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4 Low Waste Food Shopping Tips For Traditional Grocery Stores

Earth Day is around the corner. Have you considered how to reduce your waste in everyday activities? Check out these four ideas for reducing waste while grocery shopping at traditional grocery stores. 

Thanks to Lotus Produce Bags for gifting me a set of their bags to try out. All opinions are my own. 

Earth Day is next week. While it might always feel like Earth Day here on the blog, Earth Day around the country and the globe is a great reason to revisit some of our simple habits that might have a harsher impact on our planet then we’d like.

These not-so-earth-friendly habits appear in many forms, but let’s start with one of the simplest and most routine tasks many of us perform at least weekly: grocery shopping.

Environmental impacts of our grocery shopping can run the gamut from truly deplorable to nearly free of harm, depending on the source of our food and its packaging, among other things.

Unfortunately, our food system is pretty broken. Finding food that is grown responsibly and bears a minimal negative impact on the Earth in our communities can be really challenging due to the systemic oppression, waste, harmful production processes, and more, that are inherent in our food supply chain. We need policy changes to fix most of these issues; individual action isn’t a realistic broad solution. 

We can bypass some systemic issues by shopping locally through community-supported agriculture (CSA) programs, purchasing from local farmers, ordering from companies like Misfits Market, and purchasing from farmer’s markets. However, not all of us have access to these luxuries, nor is there sufficient supply to meet all our demands through these “better” channels.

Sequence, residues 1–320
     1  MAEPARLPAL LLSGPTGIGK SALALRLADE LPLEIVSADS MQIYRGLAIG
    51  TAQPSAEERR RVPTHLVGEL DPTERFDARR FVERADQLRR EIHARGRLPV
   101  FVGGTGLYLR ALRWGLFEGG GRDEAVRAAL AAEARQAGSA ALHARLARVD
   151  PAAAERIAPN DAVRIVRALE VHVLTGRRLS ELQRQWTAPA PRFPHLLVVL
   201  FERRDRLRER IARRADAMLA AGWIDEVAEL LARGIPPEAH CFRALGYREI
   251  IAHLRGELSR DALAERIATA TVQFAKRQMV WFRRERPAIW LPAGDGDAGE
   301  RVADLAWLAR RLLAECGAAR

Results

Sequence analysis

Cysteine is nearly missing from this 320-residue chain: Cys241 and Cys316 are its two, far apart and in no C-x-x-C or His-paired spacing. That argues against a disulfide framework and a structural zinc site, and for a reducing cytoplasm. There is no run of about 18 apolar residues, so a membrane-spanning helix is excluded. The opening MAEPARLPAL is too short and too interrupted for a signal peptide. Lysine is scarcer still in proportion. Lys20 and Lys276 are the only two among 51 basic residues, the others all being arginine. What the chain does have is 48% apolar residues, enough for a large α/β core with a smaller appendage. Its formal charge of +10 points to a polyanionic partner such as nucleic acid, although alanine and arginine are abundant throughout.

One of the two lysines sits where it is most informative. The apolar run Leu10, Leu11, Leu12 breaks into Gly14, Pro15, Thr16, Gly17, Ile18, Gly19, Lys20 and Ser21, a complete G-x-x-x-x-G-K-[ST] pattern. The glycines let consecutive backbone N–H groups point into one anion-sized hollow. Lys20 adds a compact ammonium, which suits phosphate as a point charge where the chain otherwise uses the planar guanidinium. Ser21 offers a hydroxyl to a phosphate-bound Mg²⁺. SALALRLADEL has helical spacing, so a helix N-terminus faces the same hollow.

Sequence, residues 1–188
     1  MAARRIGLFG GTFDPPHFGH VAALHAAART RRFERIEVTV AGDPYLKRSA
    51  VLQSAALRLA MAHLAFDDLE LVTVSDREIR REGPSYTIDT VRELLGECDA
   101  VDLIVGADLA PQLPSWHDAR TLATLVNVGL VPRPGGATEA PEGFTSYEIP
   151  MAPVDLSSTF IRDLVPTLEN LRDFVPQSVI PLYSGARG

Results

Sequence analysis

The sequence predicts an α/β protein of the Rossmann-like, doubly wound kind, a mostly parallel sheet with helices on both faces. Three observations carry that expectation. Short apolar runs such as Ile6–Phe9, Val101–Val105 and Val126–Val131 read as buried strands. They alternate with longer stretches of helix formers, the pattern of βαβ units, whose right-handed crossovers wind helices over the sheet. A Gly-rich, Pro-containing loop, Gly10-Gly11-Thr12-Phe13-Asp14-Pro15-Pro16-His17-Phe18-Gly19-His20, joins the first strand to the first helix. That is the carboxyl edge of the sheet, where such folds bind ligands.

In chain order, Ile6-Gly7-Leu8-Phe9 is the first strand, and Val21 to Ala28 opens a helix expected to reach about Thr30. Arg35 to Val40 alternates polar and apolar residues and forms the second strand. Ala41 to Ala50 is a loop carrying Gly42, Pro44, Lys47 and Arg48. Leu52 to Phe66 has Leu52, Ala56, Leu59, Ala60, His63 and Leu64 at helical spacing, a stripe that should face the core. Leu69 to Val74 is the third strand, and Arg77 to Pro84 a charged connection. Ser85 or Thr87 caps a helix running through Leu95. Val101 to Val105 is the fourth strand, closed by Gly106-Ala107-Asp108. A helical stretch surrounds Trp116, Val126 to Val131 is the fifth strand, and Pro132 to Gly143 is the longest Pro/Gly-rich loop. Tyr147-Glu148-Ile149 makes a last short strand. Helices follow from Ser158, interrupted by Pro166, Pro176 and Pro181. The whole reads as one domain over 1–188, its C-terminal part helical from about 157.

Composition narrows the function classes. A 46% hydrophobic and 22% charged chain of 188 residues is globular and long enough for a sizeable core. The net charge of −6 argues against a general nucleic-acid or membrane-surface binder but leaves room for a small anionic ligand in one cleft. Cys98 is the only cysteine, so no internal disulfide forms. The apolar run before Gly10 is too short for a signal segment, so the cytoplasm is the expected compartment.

Four Simple Tips for Low Waste Grocery Shopping

All that aside, today I want to focus on a few simple habit modifications we can make right now while grocery shopping at traditional supermarket chains to reduce our negative impact on the planet Earth.

Bring You Own Checkout & Produce Bags

I know. I know. Everyone already knows this right?! It’s on every zero or low waste grocery shopping hit list. But here’s the thing (or two things really). 

First, most people still don’t bring their own checkout bags?! Why oh why?! Once in a while I forget to bring my bags. I get it. But even if we assume everyone forgets on occasion, most people would still have their own bags. But they don’t! 

Bringing your own checkout bags isn’t just about helping the planet and our communities. It’s about functionality. Reusable bags are sturdier, steadier, and hold more so you have fewer bags to carry. They’re so much better (even the free ones given out at various events around town). 

Also, I cringe when I see a cart full of little plastic bags to carry each type of produce. In many cases, produce just doesn’t need a bag. Doesn’t everything get washed at home? A few things, like broccoli or brussel sprouts, are much cleaner and easier to manage in a bag, but we shouldn’t have a cart full of little plastic bags that are ultimately headed straight to the trash or recycling bin once home. 

I’ve tried a variety of produce bags from different brands. I’ve also made my own drawstring bags and used other types of bags as produce bags. After all my test runs, I’m sold on mesh produce bags with tight closures. They are light and easy to use, and the produce doesn’t fall out while I’m shopping. They have tare weights on the tags or bags. They are washable but breathable. Despite trying to make the most of what I have already, I’m convinced that investing in real produce bags is worthwhile if it’s in your budget. 

I started using these Lotus produce bags and definitely recommend these. They are my favorite brand and also have a reasonable price relative to competitive brands. 

If you’re feeling extra fancy, Lotus also makes trolley bags that hang in standard grocery carts and can be used as regular reusable bags. They are pretty neat. They have extra pockets for fragile things like wine and eggs. Additionally, one of the bags is a cooler bag so it will help keep fridge and freezer foods cold during transport. 

Tare Labels on BYO Jars, Bags and Containers

The tare of a bag or container is the weight of the item when it’s empty. In other words, it is the weight that should be subtracted from the jar or bag when filled to determine the true amount of product being purchased in that container.